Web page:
We didn’t even realize how inadvertently lucky we were until later when we were the only people in Dreamville with liquor. Since we didn’t know we were doing anything wrong until later, we hadn’t even tried to hide it from security! I give this rule two major thumbs down, though to be fair it may be a local regulation rather than a Tomorrowland one.
The one upside to this crazy vetting into Dreamville was that security from Dreamville into the festival itself was pretty lax — we walked through with all kinds of food and drink and were never hassled.
Heather and I planned out a few fun costumes and matching outfits we wanted to wear ahead of time, mostly using things we already had. We did however order a few fun little extras, including American and Caymanian flags (the iconic Tomorrowland uniform), Brazilian flag leggings (which we got a bajillion compliments on and were definitely the highlight of the trip!), and our fun flamingo sunglasses (which sadly were stolen in Dreamville).
On Site Purchases
Pearls are used to buy food and drinks at Tomorrowland — the festival is completely cashless and purchases are made via your Tomorrowland entry bracelet. Overall, we did a little less damage than we did in Belgium, where we spent $208 each on onsite food and drinks.
We loaded up our bracelets with pearls about a week before the festival, spending 800BRL/$228USD upfront on 128 pearls and as every load of 200BRL received a 2.5 pearl bonus until April 19th, we also got a 10 pearl bonus. About a month later, we received the promised refund for our unused pearls minus the one pearl we were charged for the refund.
Generally, food prices were a bit more favorable than what we paid in Belgium. For example, breakfast at the posh Dream Lodges was just 5 pearls or 31.25BRL, around $9USD. It included eggs, coffee, pastries, fruit, and more — and we thought it was a great value. Here are some other examples of what things cost in pearls. Remember, each pearl is worth 6.25BRL, or $1.79USD at the festival weekend’s conversion rate.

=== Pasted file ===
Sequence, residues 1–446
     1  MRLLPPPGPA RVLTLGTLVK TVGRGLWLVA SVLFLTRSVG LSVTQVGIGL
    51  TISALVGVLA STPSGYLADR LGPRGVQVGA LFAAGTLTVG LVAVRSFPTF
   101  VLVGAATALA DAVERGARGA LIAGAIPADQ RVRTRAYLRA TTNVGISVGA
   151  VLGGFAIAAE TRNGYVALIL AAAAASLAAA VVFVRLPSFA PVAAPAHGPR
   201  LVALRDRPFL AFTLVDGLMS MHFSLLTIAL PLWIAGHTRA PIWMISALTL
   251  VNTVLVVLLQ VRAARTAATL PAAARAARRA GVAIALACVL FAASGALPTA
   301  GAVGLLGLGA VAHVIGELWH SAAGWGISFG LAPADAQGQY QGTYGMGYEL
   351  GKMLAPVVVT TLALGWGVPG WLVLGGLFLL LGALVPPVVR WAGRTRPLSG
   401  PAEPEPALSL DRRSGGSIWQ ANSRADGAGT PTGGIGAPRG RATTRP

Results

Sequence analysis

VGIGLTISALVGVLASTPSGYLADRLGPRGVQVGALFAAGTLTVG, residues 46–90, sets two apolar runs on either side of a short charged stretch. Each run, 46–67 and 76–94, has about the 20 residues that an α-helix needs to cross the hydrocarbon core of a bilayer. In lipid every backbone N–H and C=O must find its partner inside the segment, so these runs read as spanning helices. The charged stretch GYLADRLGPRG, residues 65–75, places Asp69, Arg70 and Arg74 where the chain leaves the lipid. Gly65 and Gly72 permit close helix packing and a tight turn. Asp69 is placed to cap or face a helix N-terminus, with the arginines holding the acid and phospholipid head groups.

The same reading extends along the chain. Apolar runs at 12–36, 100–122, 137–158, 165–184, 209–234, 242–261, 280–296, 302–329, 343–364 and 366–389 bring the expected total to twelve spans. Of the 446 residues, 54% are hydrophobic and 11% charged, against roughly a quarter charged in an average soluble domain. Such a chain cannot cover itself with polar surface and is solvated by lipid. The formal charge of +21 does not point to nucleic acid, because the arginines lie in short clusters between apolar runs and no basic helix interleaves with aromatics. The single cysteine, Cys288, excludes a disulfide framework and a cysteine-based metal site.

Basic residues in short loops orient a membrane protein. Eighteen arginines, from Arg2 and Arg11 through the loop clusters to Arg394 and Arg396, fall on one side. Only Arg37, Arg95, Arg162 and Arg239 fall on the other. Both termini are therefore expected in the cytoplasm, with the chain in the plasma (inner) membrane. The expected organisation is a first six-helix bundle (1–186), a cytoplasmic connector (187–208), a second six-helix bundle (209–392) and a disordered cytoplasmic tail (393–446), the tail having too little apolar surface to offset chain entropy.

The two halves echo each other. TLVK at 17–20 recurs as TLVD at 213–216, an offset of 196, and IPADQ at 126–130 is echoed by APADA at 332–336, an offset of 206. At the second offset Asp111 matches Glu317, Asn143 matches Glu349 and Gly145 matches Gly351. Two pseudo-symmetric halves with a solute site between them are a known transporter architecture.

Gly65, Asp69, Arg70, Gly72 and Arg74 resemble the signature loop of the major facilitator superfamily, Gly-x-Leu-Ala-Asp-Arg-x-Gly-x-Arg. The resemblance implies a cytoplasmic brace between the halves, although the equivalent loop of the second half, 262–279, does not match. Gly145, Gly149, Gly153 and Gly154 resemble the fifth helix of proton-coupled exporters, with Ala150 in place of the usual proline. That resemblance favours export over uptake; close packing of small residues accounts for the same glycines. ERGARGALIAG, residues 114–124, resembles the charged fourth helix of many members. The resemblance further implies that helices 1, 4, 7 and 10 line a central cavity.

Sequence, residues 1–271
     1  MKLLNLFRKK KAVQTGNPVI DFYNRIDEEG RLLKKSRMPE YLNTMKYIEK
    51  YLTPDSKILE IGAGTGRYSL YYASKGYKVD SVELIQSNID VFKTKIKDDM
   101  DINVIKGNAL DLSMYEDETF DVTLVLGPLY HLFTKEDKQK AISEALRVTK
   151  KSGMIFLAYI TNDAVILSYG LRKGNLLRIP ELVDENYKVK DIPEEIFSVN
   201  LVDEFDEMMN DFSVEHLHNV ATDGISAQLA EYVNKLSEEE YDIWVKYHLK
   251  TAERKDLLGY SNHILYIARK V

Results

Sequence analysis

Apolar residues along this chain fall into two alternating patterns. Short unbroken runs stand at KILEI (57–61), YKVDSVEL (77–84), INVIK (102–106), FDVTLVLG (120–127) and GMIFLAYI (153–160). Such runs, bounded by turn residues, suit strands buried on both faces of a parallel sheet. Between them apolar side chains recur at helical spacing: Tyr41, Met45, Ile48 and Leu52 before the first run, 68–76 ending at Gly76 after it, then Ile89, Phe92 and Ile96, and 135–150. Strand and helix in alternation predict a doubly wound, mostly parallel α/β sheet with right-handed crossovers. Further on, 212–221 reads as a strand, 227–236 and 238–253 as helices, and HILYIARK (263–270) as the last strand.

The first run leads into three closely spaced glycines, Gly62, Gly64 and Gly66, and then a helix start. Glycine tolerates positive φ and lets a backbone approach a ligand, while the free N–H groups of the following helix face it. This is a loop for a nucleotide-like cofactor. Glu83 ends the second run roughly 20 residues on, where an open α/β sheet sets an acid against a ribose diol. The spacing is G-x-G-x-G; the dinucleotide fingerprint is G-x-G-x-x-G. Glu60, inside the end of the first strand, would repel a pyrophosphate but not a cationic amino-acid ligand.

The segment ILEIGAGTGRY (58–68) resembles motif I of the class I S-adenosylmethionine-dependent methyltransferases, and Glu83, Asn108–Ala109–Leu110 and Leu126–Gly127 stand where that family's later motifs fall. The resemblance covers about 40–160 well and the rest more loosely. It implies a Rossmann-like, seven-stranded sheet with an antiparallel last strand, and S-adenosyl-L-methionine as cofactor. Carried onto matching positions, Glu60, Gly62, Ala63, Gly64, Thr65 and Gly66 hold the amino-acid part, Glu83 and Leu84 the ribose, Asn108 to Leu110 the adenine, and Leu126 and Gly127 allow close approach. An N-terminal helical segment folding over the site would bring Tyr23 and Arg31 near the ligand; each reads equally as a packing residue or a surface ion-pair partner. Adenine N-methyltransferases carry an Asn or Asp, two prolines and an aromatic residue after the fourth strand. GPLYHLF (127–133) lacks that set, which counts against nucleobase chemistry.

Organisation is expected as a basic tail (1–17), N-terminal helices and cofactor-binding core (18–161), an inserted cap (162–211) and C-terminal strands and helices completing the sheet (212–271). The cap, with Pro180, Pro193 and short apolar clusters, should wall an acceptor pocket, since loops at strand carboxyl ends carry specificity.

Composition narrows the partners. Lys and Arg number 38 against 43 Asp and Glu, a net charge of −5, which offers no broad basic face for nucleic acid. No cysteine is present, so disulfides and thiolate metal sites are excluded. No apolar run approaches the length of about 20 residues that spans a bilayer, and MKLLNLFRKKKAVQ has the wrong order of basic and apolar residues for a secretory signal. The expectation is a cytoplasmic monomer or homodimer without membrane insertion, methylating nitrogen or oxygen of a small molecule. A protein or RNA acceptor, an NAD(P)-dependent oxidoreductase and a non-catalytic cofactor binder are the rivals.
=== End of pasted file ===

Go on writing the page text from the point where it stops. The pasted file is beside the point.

Breakfast buffet at Dream Lodges – 5PRL
Acai – 3PRL
Fruit salad – 4 PRL
Gnocci Bolognese – 4PRL
Pizza – 3.5 PRL
Mac n Cheese – 4PRL
Fritas – 8PRL
Quesadilla – 4PRL
Yakisoba – 4 PRL
Ice cream bars – 2PRL
Sodas (Pepsi, Guaranaja) – 1.5PRL
Water – 1PRL
Chandon Passion from Bubbles Bar – 5PRL
Frozen drinks at SKOL – 3PRL
Vodka soda – 6PRL
Again, I’ll have even more information on the food at Tomorrowland Brasil in my upcoming survival guide.
Lockers: $16US or 60BRL
As the lock box in the Dream Lodges isn’t large enough to fit dSLR cameras, we split one locker ($32US or 120BRL ahead of time, or 150R if bought onsite — so prebook to save!) at the Dream Lodges. And we are glad we did. It was big enough for our laptops and camera equipment, and it was easy to pop by on our way in and out of the festival. Again, considering we had a few non-essentials swiped from our tent, I’d recommend locking up anything of even nominal value.
VIP Upgrade: $113US or 400BRL
This was our big spontaneous splurge. On the last night of the festival we were kind of restless and looking for a new experience, and several of the friends we had made in the Dream Lodges were in the VIP section. We inquired about price at a small upgrade booth near the VIP tent and decided to just go for it, and told the girl staffing the booth we were heading back to our tents to get our credit cards. It was a bit of a hassle considering the Dreamville layout disaster, but we were excited. When we returned, we found the upgrade booth empty and the lights off. One of the security told us they’d closed for the night. Thanks for the heads up, booth girl! Determined not to have missioned back to the tents in vain, we kept pressing the issue, and eventually with much persuasion and insistence and waiting in lines and explaining our situation to like a dozen people with whom we shared no language, we were able to exit the festival, purchase the upgrade outside, and return. It was a mission!
Once we were in, we found our friends, gawked at the amazing views, had fun with the characters and even managed to grab one snack off the last of the rotating appetizer trays. It was wild in there!
Was it worth it? Yes and no. I wish we’d upgraded first thing in the morning that day and enjoyed the VIP stage and perks the entire day and without hassle, in which case I’d say it’s absolutely worth the splurge, especially when you consider the cost of getting a VIP ticket upfront. Considering how much of our night we ended up wasting and how little time we actually spent in VIP as a result, the value is a little less clear.
Total cost for four nights:
$2,008 per person
Again, I greatly wish I could turn back time and save over $700 by going for the upgraded easy tent, which would have brought us down to less than the $1,525 we spent at Tomorrowland Belgium. This was unquestionably the most expensive four nights and five days of my life. Um…. yolo?
If you’ve been to Tomorrowland Brasil, please share your own experience in the below!
Also in this series: Happily Ever After at Tomorrowland Brasil • Inside the Tents at Tomorrowland Brasil’s Dreamville